We all know how miserable arguments can be. Do you know what to do when you and your partner hit a rough patch? Being overly reactive at such a time can complicate an already difficult situation.
James Maxwell, a therapist specializing in individual and relationship counseling, sheds light on how to recognize and better manage our emotional responses when an argument is brewing.
Reactivity Is The Challenge"You are your own worst enemy" so the saying goes and that certainly is true when it comes to becoming reactive in a conversation with your partner. In my work in marital counseling, I have studied and read about many approaches to couples' communication but none of them really address the main problem of recognizing and managing reactivity. Without this resource, no matter what technique you are trying to use or what amount of goodwill you bring to the effort, conversations will most often result in unproductive arguments. Couples become frustrated when arguments become gridlocked and their emotions often run to despair and hopelessness.
Reactivity is the psyche's reaction to a perceived or real threat and the body responds with fight or flight. This can be confusing because most often there is not an actual physical threat but rather the perceived threat of loss of connection or abandonment. Expressions of reactivity do not always have to be emotional outbursts or anger but can also be feelings of self-righteousness, unfairness, or unexpressed judgments of your partner.
Why Do We Become ReactiveWe can become reactive for many reasons -- our feelings get hurt, we feel we have been treated unfairly, we misunderstand, we make false assumptions. Once we have become reactive it is as if we have become hijacked, and we are no longer as resourceful as we are when cool, calm, and collected. Often reactivity may be stimulated by the words or events in a conversation, but the true source of reactivity is an historical event, an old trauma or memory, that has been restimulated. Most couples who have been together for some time can readily tell you how their partners' actions or traits remind them of one their parents. These unresolved issues with our parents from childhood and adolescence are restimulated, and we sometimes make assumptions about our partner's behavior that is based on old relationship wounds.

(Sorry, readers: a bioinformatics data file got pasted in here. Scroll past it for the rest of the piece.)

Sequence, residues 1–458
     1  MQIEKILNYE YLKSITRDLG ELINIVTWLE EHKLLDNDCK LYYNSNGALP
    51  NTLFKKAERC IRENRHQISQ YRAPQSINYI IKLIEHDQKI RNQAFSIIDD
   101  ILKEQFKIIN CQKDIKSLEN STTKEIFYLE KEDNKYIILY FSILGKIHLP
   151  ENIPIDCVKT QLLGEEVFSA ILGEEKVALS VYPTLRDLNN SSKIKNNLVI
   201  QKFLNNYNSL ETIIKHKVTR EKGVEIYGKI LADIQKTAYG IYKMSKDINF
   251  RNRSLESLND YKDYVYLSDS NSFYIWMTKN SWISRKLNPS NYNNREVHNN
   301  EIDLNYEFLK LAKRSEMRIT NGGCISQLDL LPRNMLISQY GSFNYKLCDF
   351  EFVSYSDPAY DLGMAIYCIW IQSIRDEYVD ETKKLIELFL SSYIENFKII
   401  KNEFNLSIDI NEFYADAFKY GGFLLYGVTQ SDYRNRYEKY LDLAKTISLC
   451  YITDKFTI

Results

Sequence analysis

How To Recognize and Manage Reactivity
Dr. John Gottman, in his research on couples, showed that couples can become reactive -- that is, show physiological signs of reactivity -- ten minutes before they are consciously aware of their anger. Couples also are sometimes unaware of the historical hurts that are their trigger points. Your first inclination might be to talk it out or assert your side of the argument. However, Dr. Gottman's research indicates that some time of reflection usually works best. Also, research shows that a "harsh startup" (beginning a discussion abruptly with the main complaint) leads to conflict. If you are feeling reactive, there is a good probability that you will not use your communications skills to avoid conflict.
Two approaches that I use, EMDR and Eidetic Image Psychology , help clients recognize the trigger points of their reactivity and deal successfully with unresolved relationship issues from their families of origin. Following EMDR sessions, clients are better able to deal effectively and efficiently with stuck places in their attempts to resolve issues. Using Eidetic Image Psychology, I have helped them elucidate and resolve unfinished relationship issues. Combining these two approaches allows clients to better manage their reactive moments so they can utilize their best relational and communication skills.
James Maxwell is a Licensed Professional Counselor and Certified Imago Therapist. He has been in private practice serving the Austin community for over 15 years. He has additional training in couples group counseling as well as divorce mediation where he works to provide divorcing couples a reasonable alternative to divorce litigation. His website is www.hrel.net and he can be reached at 512-454-1850.
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